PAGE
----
Transference makes the world navigable and not entirely foreign. tweet

However, as my story illuminated, it has its limitations and problems.

Transference is both real and not real at the same time. Within a person’s internal world, within this person’s experience and psychic reality—the transference feels entirely and unquestionably true. There were moments I would sit in a classroom as a boy, as a teenager, as a young man, and really feel that if people truly knew me, I would be abandoned. Those feelings about my early work weren’t inserted for the purpose of essay writing—they were real to me, they haunted me.

Yet, the transference is incomplete. It’s assumptive. It is often mistaken and arresting and limiting to the nourishment and growth of the mind, therefore, the person. Transference as possible tyranny. Transference as traumatic. Which can blot and suffocate an experience that actually is new and unknown, and needs to be known for the first time.

The truth is that we all need help to grow our capabilities of working-with our psychic equipment, our minds. We all need help with our projections, our mistaken beliefs, our transferences positive, negative or otherwise. Because when we don’t, we carry burdens around that needn’t be carried. Because when we don’t, we recreate the traumas that have been real to us again and again and again. Because when we don’t, we identify others—whether people of color, or women, or LGBTQ, or families, or churches, or Republicans, or Muslims, or Buddhists, or children or the vulnerable or pets—as the primary sources of pain and trouble and fear, instead of looking inside.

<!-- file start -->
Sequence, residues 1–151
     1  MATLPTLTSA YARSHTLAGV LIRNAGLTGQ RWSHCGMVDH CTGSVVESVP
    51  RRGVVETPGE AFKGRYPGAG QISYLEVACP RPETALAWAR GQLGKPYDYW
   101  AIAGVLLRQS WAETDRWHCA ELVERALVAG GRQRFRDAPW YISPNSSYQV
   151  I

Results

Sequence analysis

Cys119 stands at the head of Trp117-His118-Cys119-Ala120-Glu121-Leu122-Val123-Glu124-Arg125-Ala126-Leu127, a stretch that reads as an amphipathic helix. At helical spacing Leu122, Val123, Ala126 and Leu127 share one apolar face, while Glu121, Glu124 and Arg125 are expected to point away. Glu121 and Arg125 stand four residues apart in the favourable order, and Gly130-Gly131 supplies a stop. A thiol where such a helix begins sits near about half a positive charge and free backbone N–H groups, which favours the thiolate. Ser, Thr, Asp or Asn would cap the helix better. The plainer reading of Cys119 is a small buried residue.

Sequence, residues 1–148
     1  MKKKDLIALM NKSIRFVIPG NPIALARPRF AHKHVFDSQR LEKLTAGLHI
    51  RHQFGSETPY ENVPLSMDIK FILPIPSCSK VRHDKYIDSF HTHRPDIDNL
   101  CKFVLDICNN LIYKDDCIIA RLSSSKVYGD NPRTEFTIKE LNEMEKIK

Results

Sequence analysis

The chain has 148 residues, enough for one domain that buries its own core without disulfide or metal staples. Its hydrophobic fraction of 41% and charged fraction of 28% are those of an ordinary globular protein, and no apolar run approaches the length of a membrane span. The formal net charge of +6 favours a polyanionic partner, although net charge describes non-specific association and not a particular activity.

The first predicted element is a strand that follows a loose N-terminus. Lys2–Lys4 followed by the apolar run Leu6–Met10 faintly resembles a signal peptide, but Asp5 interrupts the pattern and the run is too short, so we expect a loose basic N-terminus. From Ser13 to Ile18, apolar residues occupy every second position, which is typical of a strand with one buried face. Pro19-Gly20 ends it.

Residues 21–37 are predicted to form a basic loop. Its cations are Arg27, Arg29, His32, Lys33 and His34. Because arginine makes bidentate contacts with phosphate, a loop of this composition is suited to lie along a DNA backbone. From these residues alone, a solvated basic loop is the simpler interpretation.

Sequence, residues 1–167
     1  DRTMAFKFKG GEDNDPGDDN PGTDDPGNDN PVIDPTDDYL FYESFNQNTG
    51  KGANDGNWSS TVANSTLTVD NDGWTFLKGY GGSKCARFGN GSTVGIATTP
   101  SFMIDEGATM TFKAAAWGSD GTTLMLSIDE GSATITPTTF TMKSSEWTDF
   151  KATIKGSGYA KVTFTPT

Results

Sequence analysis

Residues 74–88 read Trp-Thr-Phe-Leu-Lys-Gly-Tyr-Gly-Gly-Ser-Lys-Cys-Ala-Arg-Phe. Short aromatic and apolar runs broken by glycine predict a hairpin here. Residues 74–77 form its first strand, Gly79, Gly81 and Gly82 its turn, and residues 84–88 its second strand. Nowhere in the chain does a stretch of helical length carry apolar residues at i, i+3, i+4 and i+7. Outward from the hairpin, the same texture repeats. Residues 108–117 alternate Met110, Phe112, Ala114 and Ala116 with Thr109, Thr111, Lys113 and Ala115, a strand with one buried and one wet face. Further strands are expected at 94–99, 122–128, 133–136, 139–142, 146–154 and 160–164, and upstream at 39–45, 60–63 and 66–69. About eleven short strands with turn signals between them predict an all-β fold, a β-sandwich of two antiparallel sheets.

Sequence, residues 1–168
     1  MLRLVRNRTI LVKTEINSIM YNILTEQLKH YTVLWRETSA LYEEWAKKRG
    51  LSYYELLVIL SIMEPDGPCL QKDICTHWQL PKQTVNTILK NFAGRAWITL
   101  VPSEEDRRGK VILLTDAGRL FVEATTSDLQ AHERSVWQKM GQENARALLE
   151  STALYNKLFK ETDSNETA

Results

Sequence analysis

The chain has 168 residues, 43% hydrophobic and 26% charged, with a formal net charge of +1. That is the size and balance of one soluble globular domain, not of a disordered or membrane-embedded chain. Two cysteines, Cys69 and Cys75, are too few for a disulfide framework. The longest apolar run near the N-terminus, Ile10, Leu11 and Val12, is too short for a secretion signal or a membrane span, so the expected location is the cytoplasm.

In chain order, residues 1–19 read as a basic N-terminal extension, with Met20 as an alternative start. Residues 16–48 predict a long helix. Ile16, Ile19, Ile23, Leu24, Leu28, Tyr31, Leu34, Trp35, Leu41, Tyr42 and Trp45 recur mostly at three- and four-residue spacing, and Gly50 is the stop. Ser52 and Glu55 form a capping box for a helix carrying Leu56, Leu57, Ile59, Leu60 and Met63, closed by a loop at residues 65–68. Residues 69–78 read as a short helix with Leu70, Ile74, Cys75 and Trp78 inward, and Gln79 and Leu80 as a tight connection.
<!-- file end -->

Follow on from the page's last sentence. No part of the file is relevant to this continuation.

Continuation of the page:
In September, my private practice will turn four years old and I will continue everyday going to work. My cat Jake is currently snoozing, twitching a bit from his dreams, as I write this essay. I’m in some of the best relationships I’ve ever had the privilege of participating in now; ones where I get to be exactly as I am—without all of the protective and exhausting facades. And? I think it’s fair to say that my therapist enjoys (dare I say loves me), as I wholeheartedly enjoy and love him.

My point? Transferences need worked-though, not transferred. Transferences need cared about and understood and, if we’re lucky, resolved and opened up and let go. And strange situations, strangers, need to be strange-enough so that they can be known uniquely and exactly as they are, rather than what we fabricate them to be.

D. Michael Louderback M.A. is an analytical psychotherapist in Seattleā€™s Fremont neighborhood working with individuals and couples. His passion includes shame, trauma, and the LGBTQ community. He is a member of the Center for Object Relations and the Northwest Alliance for Psychoanalytic Study, as well as an assistant instructor at The Seattle School of Theology & Psychology. He enjoys writing, reading, and the occasional ferry ride.